This character-led mix of romance and historical detective story slowly builds in intensity and draws the reader in to Flora’s lonely, fearful, painfully honest but ultimately hope-filled world. Flora’s life is constricted and defined by the mental health-related “incident” that led to her leaving school right in the middle of sitting her GCSEs. This manic episode led to therapy, medication, a diagnosis of Bipolar 11 and to a hidden away life of work in a country house hotel. When Hal arrives at Hopwood Home to research a missing World War 1 soldier Flora’s help is offered by the hotel manager. Flora used to love history before the ‘incident’ but now the idea of spending time with a stranger is a nightmare. Gradually though, as Flora and Hal begin to piece together the story of World War 1 soldier Albie and his lost love, housemaid Iris, stories, settings and timelines between present and past seem to merge as Flora and Hal too begin to fall in love.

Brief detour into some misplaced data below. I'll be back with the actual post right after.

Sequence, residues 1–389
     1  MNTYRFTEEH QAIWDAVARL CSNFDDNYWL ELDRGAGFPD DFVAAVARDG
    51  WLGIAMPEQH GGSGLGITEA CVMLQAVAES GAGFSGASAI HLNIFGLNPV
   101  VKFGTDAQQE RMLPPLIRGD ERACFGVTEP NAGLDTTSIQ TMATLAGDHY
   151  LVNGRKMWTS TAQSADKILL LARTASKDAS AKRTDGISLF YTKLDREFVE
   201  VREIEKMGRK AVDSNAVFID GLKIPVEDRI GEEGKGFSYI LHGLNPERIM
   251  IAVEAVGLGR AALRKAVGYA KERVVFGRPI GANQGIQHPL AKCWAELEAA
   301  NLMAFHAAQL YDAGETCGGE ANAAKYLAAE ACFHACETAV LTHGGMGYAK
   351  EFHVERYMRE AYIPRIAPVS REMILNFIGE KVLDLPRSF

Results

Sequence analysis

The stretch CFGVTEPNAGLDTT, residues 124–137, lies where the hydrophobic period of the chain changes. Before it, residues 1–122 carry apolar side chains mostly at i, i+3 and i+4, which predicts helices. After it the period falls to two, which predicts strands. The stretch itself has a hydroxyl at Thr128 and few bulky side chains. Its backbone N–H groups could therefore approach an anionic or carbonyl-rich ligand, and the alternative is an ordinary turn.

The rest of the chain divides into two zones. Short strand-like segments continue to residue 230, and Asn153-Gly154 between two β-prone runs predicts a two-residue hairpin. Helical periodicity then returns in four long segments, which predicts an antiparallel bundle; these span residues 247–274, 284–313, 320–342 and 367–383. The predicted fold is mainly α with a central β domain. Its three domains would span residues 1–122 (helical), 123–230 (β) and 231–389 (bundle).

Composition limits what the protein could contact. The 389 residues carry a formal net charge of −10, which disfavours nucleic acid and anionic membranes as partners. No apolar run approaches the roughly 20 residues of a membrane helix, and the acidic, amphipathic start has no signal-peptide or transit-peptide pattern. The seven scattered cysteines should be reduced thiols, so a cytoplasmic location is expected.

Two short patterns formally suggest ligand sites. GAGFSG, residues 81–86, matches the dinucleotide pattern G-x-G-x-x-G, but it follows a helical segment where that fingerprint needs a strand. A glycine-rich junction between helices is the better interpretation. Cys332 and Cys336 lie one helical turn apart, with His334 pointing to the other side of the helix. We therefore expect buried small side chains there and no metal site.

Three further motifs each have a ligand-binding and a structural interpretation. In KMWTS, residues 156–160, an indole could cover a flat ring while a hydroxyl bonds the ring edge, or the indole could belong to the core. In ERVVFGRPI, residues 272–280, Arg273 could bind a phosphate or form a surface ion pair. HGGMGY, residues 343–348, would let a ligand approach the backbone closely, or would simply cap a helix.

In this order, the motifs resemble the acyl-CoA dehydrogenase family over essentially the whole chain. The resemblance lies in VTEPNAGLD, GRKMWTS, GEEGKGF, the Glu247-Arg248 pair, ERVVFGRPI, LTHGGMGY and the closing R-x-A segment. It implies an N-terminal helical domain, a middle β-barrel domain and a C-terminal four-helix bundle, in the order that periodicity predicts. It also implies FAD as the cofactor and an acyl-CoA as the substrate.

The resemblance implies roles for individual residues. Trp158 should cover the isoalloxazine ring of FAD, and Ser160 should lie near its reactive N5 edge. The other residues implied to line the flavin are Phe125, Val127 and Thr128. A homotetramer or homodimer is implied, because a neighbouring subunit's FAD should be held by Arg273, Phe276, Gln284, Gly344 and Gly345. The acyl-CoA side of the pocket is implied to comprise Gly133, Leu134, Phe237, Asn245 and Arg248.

Flora’s narrative voice is believable and moving. Her struggles with her mental health are presented in an empathetic way and her descriptions of her thought processes as she desperately tries to work out which are manic responses and which are true give the reader real insight into what having Bipolar entails. Both love stories, historic and contemporary, are gripping and convincing and as the timelines dissolve and stories entwine the reader will be drawn into this emotional, honest, poignant and powerful YA novel with its themes of mental health, self-acceptance and lost and found love.